President Barack Obama's
tough fuel economy program for vehicles could put another damper on the
struggling ethanol business, because the alternative fuel packs a lower
energy content than gasoline.
Obama on Tuesday introduced the most aggressive proposal yet to
boost U.S. auto fuel economy standards -- a bid to reduce vehicle
emissions of climate-warming gases. [ID:nN19424837]. The proposal would
require passenger vehicles to average 35.5 miles per gallon by 2016.
It's going to be a headache for the ethanol industry, said Daniel Flynn, an analyst at Alaron Trading in Chicago.
Ethanol producers have intensified efforts this year to boost demand for the fuel as stockpiles rise.
They have pushed for wider development of service station pumps that
offer a blend of 85 percent ethanol and 15 percent gasoline. The fuel
is burned in specially made flex-fuel vehicles that can also run on
But flex fuel cars typically get 20 to 30 percent fewer miles per
gallon when they burn E85 due to ethanol's lower energy content,
according to the Web site www.fueleconomy.gov.
The industry has also called on the government to hike the level of
ethanol in gasoline burned in normal cars to 15 percent from 10 percent.
Unless ethanol makers convince the struggling auto industry to make
specially-built engines that overcome the mileage difference, Obama's
plan could be another blow to the industry that had been a big part of
former President George W. Bush's strategy to begin to wean the country
off foreign oil.
PORTFOLIO OF ALTERNATIVES
Over the past year ethanol distillers have battled record prices for
corn, their main input; overcapacity; tight credit; and anemic fuel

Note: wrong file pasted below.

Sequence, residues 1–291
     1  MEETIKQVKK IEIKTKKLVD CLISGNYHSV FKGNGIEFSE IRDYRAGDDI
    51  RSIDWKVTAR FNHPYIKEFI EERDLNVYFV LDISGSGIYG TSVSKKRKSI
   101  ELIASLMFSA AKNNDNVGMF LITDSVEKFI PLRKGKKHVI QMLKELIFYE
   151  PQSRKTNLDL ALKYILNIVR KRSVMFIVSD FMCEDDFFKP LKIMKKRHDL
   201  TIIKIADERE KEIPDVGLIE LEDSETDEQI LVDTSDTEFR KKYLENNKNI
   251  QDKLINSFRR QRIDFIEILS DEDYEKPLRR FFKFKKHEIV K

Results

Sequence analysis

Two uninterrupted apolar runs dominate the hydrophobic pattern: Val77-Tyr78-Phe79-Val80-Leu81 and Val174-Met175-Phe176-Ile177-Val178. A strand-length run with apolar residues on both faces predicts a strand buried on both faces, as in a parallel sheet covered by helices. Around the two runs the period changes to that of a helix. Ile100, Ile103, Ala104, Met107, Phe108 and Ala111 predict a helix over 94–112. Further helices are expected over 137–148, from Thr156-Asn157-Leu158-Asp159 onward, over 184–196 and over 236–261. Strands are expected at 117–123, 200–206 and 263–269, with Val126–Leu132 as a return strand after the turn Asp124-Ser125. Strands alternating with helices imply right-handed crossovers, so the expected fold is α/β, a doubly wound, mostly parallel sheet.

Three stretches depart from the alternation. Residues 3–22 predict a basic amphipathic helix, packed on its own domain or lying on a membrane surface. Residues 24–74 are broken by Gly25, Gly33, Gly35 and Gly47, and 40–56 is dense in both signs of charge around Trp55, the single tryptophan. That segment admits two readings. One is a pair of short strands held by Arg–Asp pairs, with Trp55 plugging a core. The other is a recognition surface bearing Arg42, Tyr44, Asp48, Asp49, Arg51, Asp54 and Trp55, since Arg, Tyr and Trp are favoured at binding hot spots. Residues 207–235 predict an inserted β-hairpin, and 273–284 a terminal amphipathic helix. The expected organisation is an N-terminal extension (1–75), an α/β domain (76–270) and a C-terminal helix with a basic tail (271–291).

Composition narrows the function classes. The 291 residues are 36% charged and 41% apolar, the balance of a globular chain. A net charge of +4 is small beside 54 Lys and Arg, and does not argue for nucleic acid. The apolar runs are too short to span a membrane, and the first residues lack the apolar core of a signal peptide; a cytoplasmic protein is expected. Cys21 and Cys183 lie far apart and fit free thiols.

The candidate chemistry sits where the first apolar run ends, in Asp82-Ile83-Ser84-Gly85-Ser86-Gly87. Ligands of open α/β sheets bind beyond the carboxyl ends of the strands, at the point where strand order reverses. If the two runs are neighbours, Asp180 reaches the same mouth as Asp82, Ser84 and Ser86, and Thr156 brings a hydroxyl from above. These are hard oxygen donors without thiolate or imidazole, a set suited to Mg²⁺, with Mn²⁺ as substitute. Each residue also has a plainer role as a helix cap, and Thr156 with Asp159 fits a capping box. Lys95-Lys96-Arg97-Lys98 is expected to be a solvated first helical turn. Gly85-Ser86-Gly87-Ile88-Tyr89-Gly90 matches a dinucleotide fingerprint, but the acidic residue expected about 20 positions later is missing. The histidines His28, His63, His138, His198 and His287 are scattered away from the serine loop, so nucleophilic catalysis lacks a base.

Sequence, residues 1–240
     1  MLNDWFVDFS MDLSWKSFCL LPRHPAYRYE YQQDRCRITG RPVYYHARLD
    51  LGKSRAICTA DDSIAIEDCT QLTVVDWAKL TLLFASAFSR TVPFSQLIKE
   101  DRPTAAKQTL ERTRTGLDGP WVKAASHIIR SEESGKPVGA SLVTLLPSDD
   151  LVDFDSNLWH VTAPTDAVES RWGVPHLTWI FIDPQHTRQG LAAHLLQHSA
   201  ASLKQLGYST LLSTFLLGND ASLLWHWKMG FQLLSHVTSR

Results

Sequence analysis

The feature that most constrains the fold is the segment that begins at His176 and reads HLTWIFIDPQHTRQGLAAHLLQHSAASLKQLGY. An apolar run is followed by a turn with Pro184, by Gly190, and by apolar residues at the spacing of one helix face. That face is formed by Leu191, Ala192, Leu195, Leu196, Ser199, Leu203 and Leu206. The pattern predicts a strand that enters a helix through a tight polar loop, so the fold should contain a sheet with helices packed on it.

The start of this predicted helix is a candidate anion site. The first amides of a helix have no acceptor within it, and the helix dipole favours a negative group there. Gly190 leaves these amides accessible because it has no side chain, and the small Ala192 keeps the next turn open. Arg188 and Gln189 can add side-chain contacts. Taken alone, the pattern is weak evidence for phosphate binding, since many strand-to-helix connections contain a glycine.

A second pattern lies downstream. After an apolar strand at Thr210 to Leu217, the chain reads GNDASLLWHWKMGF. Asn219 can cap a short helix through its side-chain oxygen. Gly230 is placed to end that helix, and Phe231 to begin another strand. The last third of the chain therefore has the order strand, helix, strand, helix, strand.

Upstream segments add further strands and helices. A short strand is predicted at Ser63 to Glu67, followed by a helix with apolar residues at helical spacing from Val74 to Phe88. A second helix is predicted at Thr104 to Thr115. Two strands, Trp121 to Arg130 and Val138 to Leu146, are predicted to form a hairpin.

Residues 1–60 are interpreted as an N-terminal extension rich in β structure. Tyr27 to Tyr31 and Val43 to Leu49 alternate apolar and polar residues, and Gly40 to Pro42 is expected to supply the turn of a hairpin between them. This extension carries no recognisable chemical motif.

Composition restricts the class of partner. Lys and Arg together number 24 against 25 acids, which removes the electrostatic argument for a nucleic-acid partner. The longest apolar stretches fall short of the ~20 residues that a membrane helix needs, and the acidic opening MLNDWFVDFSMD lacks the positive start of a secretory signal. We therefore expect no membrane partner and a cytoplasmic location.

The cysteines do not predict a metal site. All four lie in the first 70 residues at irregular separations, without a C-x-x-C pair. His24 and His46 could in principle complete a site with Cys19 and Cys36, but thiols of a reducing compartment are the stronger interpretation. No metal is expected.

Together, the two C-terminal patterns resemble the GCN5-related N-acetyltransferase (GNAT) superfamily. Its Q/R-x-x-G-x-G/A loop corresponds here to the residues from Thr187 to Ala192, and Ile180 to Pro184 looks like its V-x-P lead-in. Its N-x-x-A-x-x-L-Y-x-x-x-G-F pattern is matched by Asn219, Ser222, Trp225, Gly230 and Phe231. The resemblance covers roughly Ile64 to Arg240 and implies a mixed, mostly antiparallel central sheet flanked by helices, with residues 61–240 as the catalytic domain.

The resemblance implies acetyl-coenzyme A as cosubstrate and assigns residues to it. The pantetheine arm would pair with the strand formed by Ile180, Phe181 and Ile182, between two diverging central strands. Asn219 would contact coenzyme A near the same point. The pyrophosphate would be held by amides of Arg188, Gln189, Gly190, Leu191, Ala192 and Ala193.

demand. This week, subsidiaries of Pacific Ethanol became the latest in
a long string of ethanol plants to file for Chapter 11 bankruptcy
It looks like they are going to lose out, Sarah Emerson, director
of consultant group Energy Security Analysis Inc in Boston, said about
the effect on the ethanol industry of the Obama program. I think the
fuel economy (plan) trumps the biofuels.
She said ethanol should remain popular near its Midwest production
center and be one of a portfolio of alternatives for cars. Those
include alternative fuels such natural gas and biodiesel as well as new
technologies such as hybrid cars, plug-in hybrids, and battery-powered
But, she said: We may see less movement for vehicles that use 85
percent ethanol. Federal mandates for mixing more ethanol into gasoline
also may need adjustment because of the slow pace of developing
next-generation cellulosic ethanol, which can be made from non-food
crops like grasses and fast-growing trees.
The leading U.S. ethanol industry group praised Obama's plan, saying
advanced engines could help ethanol-fueled cars go nearly as far as
New engine technologies are in development that will capitalize on
the increased octane available from ethanol blended fuels, reduce any
mileage difference that may exist, and increase engine performance and
efficiency for future automobiles, Bob Dineen, the president of the
Renewable Fuels Association, said in a release.
But so far development of those technologies has been limited and it
is uncertain whether those engines will become common any time soon.